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Many of us are experiencing the inevitable shift to colder weather right now. The chilly temperatures can make getting into your car in the morning or after a long day at work feel like stepping into your deep freezer.
If you’re looking for the best ways to get your car nice and toasty as quickly and efficiently as possible, there are some proven methods that will help maximize the output of your car’s heater. Listed below are five expert-level tips which will keep your car in tip-top shape even while it keeps you nice and warm (and able to see out of the windows) no matter how frigid the weather is outside.
Stop Idling In The Driveway
How many of us let our car run while idle in the driveway to warm it up before getting in? It’s a method that’s been favored for generations, but an automotive expert at Consumer Reports says a vehicle will heat up faster if it’s moving.
“The sooner you move, the sooner the engine begins working, the sooner the engine starts creating heat that will warm the passengers,” Jake Fisher explained in a recent article. His background includes work on the climate-control systems for a major automaker.
Also, letting your car idle for a long period of time could be illegal, depending on where you live. At least 35 states and Washington, D.C. have anti-idling laws on the books, according to AutoZone.
Turn On The A/C
We know it sounds crazy, but Consumer Reports also suggests turning on the air-conditioning option to get your car to heat up faster.
“Even if you want warm air from your system, turning the A/C on cools down the incoming air to just above freezing, but then it is reheated before it enters the cabin,” Fisher said in the publication. “This is done to remove moisture from the air, which otherwise would collect on cold glass, keeping you from being able to see out.”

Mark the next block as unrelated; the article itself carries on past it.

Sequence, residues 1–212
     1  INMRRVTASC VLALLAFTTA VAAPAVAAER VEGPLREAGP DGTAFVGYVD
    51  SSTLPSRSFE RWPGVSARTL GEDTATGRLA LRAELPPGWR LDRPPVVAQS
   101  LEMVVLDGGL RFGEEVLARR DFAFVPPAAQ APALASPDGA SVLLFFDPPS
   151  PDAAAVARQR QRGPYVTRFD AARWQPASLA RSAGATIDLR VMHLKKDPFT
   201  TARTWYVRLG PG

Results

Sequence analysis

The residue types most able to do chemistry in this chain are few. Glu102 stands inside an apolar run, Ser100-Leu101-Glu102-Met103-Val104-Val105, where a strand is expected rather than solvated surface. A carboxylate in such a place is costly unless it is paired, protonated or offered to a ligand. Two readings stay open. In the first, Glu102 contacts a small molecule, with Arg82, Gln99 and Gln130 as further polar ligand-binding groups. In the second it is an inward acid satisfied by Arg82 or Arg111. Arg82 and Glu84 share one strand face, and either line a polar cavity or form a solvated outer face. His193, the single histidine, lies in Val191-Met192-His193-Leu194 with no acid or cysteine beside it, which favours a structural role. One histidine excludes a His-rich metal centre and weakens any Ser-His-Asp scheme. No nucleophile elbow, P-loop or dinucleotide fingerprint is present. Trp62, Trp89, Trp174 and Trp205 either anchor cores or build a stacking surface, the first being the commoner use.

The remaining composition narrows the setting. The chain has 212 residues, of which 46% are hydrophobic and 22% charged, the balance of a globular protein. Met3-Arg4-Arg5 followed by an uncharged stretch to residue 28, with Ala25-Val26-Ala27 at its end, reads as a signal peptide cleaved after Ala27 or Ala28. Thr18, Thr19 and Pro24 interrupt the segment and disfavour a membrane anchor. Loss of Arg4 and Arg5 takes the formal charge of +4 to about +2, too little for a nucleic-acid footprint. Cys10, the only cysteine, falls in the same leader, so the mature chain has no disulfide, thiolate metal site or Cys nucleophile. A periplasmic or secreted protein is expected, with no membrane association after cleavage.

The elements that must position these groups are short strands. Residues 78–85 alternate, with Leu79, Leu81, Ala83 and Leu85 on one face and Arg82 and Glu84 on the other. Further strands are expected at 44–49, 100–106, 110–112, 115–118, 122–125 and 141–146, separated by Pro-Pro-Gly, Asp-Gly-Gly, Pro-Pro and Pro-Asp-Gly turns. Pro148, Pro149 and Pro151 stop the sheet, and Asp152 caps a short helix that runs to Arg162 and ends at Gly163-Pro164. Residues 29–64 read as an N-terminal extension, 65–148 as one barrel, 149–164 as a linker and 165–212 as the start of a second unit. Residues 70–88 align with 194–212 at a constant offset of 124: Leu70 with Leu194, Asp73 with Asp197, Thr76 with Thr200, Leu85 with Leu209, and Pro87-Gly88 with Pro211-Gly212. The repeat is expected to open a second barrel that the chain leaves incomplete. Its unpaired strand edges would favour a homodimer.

Another plus of having the air conditioner on in freezing temps is that it will not eat up your fuel efficiency like it does in the summer, since the components don’t have to work hard to cool the air. So, let the air conditioner do its job and get that air moving and starting to warm up.
Keep The Fan Speed Low At First
It’s tempting to do this but Fisher also said that drivers should not crank the fan up to high speed when first turning the heat on. The air coming out of the vents at the beginning will be cold and turning the heater onto high won’t get the air warmer any faster, it will merely blast more cold air onto everyone in the car. A car’s heating system can detect air temperature and adjust fan speed once the air gets warmer.
Crack A Window To Clear Fog
Again, this is a tip that sounds a little out there, especially in the winter months when you’re trying to trap heat, but fresh air will help prevent the windows from fogging up while you drive. An open window minimizes the water vapor that comes from people’s breathing inside the cabin, even if the window is just cracked a sliver.
It’s the vapor from that breath that condenses on glass surfaces and causes the visibility-reducing fog you often get inside the windows when driving in the cold. This is where turning on the heater’s defrost mode also helps, as it uses air conditioning to dry the hot air that is aimed at your windshield and front windows from the top and sides of the dashboard.
Turn Off Recirculation Mode
In the summertime, drivers use the recirculation mode to keep cool air in the car (it’s the little button that shows a car with a curved arrow inside it). However, this mode works a little differently in the winter, especially if you want to keep your windows clear.
When using the recirculation mode of your heater, it traps warm, moist air inside the cabin. That may feel good, but it will build up condensation and lead to frost and fog on your windows. So, let the heater bring in some fresh, cool air and then warm it to keep everyone comfortable and safe this winter while on the road.
By following these tips, you will get the best results from your car’s heating system all winter long. And, if these tips don’t help improve your heater’s performance, schedule a visit with your dealership or mechanic to get a complete check-up to ensure everything is working properly.
This story originally appeared on Simplemost. Checkout Simplemost for additional stories.